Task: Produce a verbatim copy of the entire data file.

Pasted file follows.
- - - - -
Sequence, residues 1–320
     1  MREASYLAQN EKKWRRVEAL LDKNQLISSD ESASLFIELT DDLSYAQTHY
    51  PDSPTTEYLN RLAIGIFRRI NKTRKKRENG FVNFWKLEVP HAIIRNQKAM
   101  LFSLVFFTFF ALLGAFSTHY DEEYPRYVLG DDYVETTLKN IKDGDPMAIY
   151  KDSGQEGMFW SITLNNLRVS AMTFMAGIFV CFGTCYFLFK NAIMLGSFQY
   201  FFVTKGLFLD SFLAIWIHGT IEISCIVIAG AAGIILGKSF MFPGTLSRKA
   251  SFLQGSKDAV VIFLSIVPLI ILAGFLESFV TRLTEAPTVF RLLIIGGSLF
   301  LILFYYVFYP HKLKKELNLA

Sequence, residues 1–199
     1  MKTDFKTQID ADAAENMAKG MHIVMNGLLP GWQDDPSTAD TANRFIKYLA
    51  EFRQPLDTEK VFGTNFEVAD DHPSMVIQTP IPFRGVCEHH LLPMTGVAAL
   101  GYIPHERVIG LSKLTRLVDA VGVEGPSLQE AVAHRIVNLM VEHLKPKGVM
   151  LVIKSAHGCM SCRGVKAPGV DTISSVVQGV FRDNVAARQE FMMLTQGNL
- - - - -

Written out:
Sequence, residues 1–320
     1  MREASYLAQN EKKWRRVEAL LDKNQLISSD ESASLFIELT DDLSYAQTHY
    51  PDSPTTEYLN RLAIGIFRRI NKTRKKRENG FVNFWKLEVP HAIIRNQKAM
   101  LFSLVFFTFF ALLGAFSTHY DEEYPRYVLG DDYVETTLKN IKDGDPMAIY
   151  KDSGQEGMFW SITLNNLRVS AMTFMAGIFV CFGTCYFLFK NAIMLGSFQY
   201  FFVTKGLFLD SFLAIWIHGT IEISCIVIAG AAGIILGKSF MFPGTLSRKA
   251  SFLQGSKDAV VIFLSIVPLI ILAGFLESFV TRLTEAPTVF RLLIIGGSLF
   301  LILFYYVFYP HKLKKELNLA

Sequence, residues 1–199
     1  MKTDFKTQID ADAAENMAKG MHIVMNGLLP GWQDDPSTAD TANRFIKYLA
    51  EFRQPLDTEK VFGTNFEVAD DHPSMVIQTP IPFRGVCEHH LLPMTGVAAL
   101  GYIPHERVIG LSKLTRLVDA VGVEGPSLQE AVAHRIVNLM VEHLKPKGVM
   151  LVIKSAHGCM SCRGVKAPGV DTISSVVQGV FRDNVAARQE FMMLTQGNL